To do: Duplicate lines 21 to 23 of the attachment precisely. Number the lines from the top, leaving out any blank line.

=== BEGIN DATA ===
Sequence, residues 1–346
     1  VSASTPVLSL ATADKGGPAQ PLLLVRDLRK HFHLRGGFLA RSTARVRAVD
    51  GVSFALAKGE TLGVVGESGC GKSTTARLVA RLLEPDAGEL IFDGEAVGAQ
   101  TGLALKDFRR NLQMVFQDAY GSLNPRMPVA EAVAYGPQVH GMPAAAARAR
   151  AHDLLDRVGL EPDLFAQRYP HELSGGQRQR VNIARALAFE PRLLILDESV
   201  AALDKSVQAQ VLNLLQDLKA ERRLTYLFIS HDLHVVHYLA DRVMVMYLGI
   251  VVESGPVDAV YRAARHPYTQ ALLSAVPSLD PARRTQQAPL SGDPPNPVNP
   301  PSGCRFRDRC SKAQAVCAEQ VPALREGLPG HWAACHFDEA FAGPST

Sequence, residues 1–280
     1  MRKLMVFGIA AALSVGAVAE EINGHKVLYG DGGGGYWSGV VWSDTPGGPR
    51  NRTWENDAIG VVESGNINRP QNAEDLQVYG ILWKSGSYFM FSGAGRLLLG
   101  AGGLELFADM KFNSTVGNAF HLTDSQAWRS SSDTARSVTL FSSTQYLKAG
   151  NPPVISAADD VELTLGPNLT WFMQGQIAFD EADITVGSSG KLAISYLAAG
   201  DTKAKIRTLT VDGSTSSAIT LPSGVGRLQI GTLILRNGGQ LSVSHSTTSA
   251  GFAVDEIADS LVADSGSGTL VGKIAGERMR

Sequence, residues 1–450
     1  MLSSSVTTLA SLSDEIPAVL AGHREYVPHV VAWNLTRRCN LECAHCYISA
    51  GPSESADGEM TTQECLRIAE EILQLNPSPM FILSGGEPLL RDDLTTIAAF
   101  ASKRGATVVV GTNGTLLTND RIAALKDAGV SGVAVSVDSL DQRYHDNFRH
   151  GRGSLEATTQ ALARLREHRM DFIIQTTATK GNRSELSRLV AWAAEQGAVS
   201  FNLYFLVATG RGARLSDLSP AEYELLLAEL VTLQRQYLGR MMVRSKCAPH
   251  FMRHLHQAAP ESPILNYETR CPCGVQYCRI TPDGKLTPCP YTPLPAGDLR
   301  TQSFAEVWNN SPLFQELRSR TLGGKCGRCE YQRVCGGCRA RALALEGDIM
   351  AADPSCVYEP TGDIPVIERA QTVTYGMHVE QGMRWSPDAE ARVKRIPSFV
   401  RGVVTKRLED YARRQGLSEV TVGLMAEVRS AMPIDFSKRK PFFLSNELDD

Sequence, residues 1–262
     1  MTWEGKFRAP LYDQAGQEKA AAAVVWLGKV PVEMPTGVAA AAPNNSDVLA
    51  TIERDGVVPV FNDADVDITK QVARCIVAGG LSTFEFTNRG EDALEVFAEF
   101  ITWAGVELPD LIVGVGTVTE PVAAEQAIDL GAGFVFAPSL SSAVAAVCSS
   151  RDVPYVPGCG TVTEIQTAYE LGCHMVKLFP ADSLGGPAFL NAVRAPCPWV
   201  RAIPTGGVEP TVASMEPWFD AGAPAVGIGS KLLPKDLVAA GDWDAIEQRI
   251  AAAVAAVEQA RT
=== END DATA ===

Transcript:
   201  FNLYFLVATG RGARLSDLSP AEYELLLAEL VTLQRQYLGR MMVRSKCAPH
   251  FMRHLHQAAP ESPILNYETR CPCGVQYCRI TPDGKLTPCP YTPLPAGDLR
   301  TQSFAEVWNN SPLFQELRSR TLGGKCGRCE YQRVCGGCRA RALALEGDIM